came first, the A.B.A.T.E. acronym or the definition?
Given the wide range of A.B.A.T.E. definitions that vary from state-to-state,
your editor suspects that the term "ABATE" was adopted first,
then justification was attempted by trying to make the letters stand
doing a web search on New Year's Day, Rot Path found that there is considerable
inconsistency state-to-state and providence-to-providence in defining
what the letters in "A.B.A.T.E." stand for. Here's a partial
Brotherhood Active Towards Education - (Colorado)
A Brotherhood Against Totalitarian Enactments - (Easyrider, Florida,
Maryland, Oregon, South Carolina, Washington, Wisconsin)
A Brotherhood Aimed Toward Education - (Illinois, Iowa, Nevada)
A Brotherhood Aiming Toward Education - (Oklahoma)
A Brotherhood for Awareness, Training and Education - (South Dakota)
Alaska Bikers Advocating Training and Education - (Alaska -- duh!)
Alliance of Bikers Aimed Toward Education - (Delaware, Pennsylvania)
American Bikers Active Towards Education - (Georgia, Louisiana)
American Bikers Advocating Training and Education - (Virginia)
American Bikers Aim Toward Education - (Wyoming)
American Bikers Aimed Toward Education - (Florida, Indiana, Michigan,
Mississippi, New York, Ohio, Washington)
American Bikers Aiming Towards Education - (North Dakota, Ohio, Utah)
American Bikers for Awareness, Training and Education - (Minnesota)
American Brotherhood Aimed Towards Education - (California)
Arkansas Bikers Aiming Towards Education - (any guesses?)
note: Notice how Florida and Washington can't seem to make up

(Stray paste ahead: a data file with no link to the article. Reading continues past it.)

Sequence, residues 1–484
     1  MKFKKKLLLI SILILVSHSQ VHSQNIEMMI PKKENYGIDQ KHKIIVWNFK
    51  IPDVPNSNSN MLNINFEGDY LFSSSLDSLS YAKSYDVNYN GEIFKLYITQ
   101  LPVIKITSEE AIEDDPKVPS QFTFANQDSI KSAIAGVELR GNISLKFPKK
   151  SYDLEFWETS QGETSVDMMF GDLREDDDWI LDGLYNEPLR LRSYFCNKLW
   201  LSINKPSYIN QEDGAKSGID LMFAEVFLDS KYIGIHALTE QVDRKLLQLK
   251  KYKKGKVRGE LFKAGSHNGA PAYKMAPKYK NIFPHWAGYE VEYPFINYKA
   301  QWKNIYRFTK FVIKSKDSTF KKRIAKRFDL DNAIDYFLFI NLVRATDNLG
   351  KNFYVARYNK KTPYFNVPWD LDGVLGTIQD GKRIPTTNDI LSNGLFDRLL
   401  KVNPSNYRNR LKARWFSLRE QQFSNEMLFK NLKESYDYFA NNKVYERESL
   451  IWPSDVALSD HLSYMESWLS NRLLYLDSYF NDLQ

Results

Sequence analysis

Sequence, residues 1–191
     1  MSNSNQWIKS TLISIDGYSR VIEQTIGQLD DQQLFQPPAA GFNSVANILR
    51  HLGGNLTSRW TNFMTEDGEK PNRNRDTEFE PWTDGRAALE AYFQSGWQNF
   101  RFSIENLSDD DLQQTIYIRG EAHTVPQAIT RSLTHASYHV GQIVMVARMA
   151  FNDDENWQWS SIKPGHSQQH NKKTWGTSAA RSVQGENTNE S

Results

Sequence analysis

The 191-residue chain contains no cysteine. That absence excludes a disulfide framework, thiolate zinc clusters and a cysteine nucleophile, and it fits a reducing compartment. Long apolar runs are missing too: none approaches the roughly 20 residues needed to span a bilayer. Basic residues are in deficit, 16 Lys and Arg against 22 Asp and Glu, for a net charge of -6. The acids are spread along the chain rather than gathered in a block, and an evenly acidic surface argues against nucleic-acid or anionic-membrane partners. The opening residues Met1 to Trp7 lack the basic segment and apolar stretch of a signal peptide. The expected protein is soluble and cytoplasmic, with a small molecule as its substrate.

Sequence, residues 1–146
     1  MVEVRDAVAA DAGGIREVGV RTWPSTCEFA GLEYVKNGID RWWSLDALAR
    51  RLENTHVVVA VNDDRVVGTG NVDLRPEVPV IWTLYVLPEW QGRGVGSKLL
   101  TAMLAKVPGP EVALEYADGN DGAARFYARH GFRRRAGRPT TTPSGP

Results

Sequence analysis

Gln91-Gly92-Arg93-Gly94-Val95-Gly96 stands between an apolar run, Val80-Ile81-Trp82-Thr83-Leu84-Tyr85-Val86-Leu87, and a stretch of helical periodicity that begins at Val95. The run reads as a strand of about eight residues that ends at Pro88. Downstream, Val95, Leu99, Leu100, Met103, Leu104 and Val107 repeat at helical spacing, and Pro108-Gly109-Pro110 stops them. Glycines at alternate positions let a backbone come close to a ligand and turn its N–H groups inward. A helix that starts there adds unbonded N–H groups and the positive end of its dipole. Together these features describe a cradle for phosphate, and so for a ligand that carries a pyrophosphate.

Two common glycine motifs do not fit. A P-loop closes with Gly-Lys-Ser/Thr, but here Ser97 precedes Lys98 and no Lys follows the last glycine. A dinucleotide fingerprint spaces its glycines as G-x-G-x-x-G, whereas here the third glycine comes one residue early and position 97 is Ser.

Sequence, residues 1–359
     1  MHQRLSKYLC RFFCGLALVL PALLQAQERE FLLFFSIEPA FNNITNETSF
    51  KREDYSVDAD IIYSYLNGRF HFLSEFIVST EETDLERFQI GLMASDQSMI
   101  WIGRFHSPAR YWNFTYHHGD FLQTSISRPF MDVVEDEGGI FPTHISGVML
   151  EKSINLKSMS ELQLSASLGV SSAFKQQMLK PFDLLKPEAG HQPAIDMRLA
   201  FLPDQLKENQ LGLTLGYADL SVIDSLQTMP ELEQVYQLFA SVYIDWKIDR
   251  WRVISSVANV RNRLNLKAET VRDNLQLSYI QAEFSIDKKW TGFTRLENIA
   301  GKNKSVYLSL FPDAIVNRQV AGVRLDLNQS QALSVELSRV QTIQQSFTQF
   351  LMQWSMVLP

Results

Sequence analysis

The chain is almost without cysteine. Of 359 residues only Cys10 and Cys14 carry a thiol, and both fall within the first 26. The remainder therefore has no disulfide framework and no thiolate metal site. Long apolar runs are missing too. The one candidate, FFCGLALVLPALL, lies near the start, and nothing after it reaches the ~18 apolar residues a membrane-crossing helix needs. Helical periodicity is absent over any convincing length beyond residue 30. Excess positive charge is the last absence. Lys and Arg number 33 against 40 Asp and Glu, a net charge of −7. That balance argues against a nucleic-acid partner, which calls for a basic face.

their minds -- they each have two definitions.]
as interesting as all this might be, it wasn't until a Canadian
A.B.A.T.E. web site was visited that some of the background story
began to emerge. Seems that the folks at Easyrider magazine decided
in the 1960's that bikers, the public, and legislators needed
educating about motorcycling. Easyrider were the ones who came
up with the term "ABATE"
and if you were paying attention as you read the definitions you'll
have noticed they defined it as "A Brotherhood Against Totalitarian
Enactments", same as we use here in Oregon (which sure beats
the one Rot Path won't use when we're at the Capitol).
is a not-for-profit organization. In Oregon, A.B.A.T.E.
stands for A Brotherhood Against Totalitarian Enactments, which
isn't nearly as subvesive as it sounds. It means that we act
as legislative watchdogs to help ensure that any legislation
affecting motorcycists is fair and that elected officials are
fully informed regarding motorcycle issues.
We are not a motorcycle club or gang. Instead, A.B.A.T.E. is a
not-for-profit organization devoted to raising member and public awareness
about motorcycle issues and safety through education and community involvement.
We also raise money for organizations that represent motorcyclist's
conerns such as BikePAC.
It doesn't matter what brand of bike you ride on. We are not a
manufacturer-specific organization. All are welcome: bikes, trikes,
on-road or off, riders, passengers, or non-riders.
You don't have to ride a motorcycle to belong to A.B.A.T.E. Many
of our members just enjoy being around motorcyclists. (We're just that
wonderful.) And they feel that the social and legislative issues we're
working on are important to their community.
look at the pages of this website and if you like what you see,
check out the Chapter Meetings listing.
Drop in on a meeting and see what we're about. You just might
find a new family in A.B.A.T.E. And as Melinda says: "Bikers
give great hugs."
* with permission, from the February, 2002 ABATE of Oregon newsletter